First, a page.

The House of Lords has exempted format shifting from copyright laws. This finally legalises hardcopy media ripping for private use after many years of campaigning from groups including the Open Rights Group and DigitalEurope.
We reported on progress back in 2011, as plans for the government to abolish the laws which prevent UK consumers from format shifting looked to near to completion. Much more recently it was thought that that the new CD ripping rules were supposed to come into force across the board at the beginning of June, writes PC Pro.
The rule was only partially implemented back in June, allowing "disabled people and disability groups [to] make accessible copies of copyright material (eg music, film, books) when no commercial alternative exists". The holdup until today was apparently due to concerns the Lords had over how the new rules would affect the creative industries and the impact on creators' livelihoods.
Even though the changes now allow users to format shift their media content legally, some restrictions are still in place. The new ruling bans consumers from removing DRM or anti-copy technical protections in order to make duplicates of their media/content. However, the relaxation of the rules has been welcomed by digital campaigners.
"Thanks to these changes, the government has taken this significant step towards making copyright law reflect the way we actually use and share content in the digital age. Contrary to what copyright lobbyists claim, updating the law will actually benefit rights holders by ensuring we have a stronger, more legitimate copyright regime," executive director at the Open Rights Group, Jim Killock said.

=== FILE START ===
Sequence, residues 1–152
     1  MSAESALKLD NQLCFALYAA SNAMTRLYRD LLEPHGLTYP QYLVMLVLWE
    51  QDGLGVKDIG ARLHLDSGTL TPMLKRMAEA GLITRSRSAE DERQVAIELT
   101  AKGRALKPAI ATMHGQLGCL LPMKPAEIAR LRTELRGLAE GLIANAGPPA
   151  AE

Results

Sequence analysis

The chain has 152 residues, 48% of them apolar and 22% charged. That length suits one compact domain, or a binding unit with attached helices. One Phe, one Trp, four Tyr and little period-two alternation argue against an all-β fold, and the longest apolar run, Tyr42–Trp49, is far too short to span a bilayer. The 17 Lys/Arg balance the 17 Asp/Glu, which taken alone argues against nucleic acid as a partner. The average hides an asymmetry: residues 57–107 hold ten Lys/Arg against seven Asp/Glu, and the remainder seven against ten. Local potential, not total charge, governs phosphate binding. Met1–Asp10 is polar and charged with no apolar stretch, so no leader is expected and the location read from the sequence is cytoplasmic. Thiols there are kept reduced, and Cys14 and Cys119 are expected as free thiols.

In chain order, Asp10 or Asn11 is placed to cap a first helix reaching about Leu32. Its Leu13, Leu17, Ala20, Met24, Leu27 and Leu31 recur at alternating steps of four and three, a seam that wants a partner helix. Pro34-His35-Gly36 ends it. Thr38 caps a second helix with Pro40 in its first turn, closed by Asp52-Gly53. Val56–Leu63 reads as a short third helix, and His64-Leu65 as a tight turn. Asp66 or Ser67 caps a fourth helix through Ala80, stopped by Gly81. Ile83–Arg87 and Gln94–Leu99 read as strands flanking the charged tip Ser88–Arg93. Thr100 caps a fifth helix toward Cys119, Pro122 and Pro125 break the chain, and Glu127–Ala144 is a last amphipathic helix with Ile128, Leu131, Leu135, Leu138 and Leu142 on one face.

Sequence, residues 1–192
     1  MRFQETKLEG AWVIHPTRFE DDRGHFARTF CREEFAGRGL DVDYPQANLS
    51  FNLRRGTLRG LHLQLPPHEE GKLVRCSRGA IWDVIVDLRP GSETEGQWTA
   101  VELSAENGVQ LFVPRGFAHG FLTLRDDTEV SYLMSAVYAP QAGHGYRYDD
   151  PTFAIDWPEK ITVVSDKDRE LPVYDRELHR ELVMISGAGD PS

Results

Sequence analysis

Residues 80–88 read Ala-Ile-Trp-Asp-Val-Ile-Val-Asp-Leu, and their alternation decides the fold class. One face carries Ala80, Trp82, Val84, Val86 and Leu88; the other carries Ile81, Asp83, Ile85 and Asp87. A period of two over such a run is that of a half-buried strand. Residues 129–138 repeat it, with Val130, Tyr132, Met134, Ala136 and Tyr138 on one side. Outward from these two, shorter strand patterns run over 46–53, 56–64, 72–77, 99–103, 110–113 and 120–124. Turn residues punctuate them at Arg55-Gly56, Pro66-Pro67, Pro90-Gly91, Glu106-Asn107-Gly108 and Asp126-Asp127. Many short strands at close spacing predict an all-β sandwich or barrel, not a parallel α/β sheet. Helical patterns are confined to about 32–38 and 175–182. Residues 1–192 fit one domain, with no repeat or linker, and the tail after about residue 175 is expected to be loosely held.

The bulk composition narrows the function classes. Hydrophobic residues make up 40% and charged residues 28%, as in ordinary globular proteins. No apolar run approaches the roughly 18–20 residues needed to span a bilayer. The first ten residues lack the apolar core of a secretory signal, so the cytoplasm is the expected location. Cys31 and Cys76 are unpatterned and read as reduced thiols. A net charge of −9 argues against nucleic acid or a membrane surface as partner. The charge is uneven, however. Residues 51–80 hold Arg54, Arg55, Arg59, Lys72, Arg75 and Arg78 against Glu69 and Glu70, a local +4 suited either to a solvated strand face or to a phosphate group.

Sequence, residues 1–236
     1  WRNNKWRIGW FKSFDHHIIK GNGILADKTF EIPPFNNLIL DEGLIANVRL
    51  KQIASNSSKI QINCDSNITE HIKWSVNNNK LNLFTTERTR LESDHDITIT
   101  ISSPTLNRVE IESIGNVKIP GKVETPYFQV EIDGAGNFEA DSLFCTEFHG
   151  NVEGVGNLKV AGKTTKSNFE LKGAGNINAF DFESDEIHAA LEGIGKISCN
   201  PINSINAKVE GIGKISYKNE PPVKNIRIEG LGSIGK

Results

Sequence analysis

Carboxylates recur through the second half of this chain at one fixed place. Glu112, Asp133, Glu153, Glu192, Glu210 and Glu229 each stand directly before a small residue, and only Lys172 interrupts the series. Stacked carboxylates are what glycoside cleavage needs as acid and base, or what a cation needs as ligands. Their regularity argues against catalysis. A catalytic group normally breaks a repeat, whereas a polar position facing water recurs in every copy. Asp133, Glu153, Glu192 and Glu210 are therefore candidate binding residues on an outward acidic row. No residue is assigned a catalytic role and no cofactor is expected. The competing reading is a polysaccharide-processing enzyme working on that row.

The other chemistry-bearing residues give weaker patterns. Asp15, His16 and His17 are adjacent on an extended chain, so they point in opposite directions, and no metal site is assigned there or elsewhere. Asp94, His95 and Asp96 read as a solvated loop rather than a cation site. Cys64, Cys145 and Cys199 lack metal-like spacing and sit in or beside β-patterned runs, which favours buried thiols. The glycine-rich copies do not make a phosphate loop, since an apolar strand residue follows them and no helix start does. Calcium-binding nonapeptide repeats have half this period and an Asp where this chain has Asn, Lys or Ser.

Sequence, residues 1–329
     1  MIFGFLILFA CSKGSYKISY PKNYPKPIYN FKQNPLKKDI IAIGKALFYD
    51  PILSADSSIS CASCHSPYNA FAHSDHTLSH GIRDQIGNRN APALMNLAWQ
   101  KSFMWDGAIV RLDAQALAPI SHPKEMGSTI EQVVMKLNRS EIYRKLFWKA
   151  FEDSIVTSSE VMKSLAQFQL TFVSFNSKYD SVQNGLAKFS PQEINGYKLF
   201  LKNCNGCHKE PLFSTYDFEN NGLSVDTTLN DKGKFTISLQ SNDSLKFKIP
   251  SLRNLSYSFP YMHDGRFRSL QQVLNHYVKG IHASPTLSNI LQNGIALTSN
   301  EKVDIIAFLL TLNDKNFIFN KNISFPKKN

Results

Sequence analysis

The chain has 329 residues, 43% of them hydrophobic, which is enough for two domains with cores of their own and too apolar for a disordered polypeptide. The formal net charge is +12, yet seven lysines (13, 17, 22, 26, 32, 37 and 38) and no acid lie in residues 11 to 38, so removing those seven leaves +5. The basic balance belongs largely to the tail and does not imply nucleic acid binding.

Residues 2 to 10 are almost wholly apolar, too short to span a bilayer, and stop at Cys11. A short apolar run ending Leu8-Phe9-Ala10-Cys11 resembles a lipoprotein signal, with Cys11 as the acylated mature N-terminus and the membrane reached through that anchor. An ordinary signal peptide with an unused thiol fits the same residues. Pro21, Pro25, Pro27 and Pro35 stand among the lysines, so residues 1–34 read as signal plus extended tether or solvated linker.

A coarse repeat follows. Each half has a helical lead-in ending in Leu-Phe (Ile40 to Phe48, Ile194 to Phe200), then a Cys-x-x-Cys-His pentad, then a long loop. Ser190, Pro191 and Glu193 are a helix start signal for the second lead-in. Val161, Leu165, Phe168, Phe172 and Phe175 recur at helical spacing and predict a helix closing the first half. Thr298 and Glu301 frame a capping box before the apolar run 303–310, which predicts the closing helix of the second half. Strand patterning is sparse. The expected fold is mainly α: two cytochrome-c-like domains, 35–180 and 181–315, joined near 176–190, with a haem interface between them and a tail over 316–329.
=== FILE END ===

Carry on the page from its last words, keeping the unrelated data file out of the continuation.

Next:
"This is a victory for copyright reform, but I think all these questions around DRM need to be part of the discussion about copyright reform at the European level, which should be taking place very soon," policy director at the Open Rights Group, Javier Ruiz told PC Pro.
Lord (Michael) Grade, a former BBC chairman and former Chief Executive at Channel 4, doesn't seem to agree with the legalisation of format shifting, "What the Government has failed to understand throughout its deliberations on copyright, since the Hargreaves report, is there is a direct correlation between investment and the investor’s ability to control and police its copyright, to protect that investment and ensure that it gets value for the investment it has made," Grade said during a motion to the House of Lords, reports the Yorkshire Post. Grade added that the Government seems to be encouraging that "there should be a free-for-all, that everything should be made free for the public," before adding that "there is a public interest in that and it will last about five years because at the end of that there will be no more investment in original content."
In recent related news Ford and GM are being sued by the Alliance of Artists and Recording Companies (AARC) in the US for the CD ripping to hard drive 'Jukebox' systems in their cars. The suit seeks lost royalties plus punitive damages of $2,500 per vehicle sold with one of these music ripping systems installed.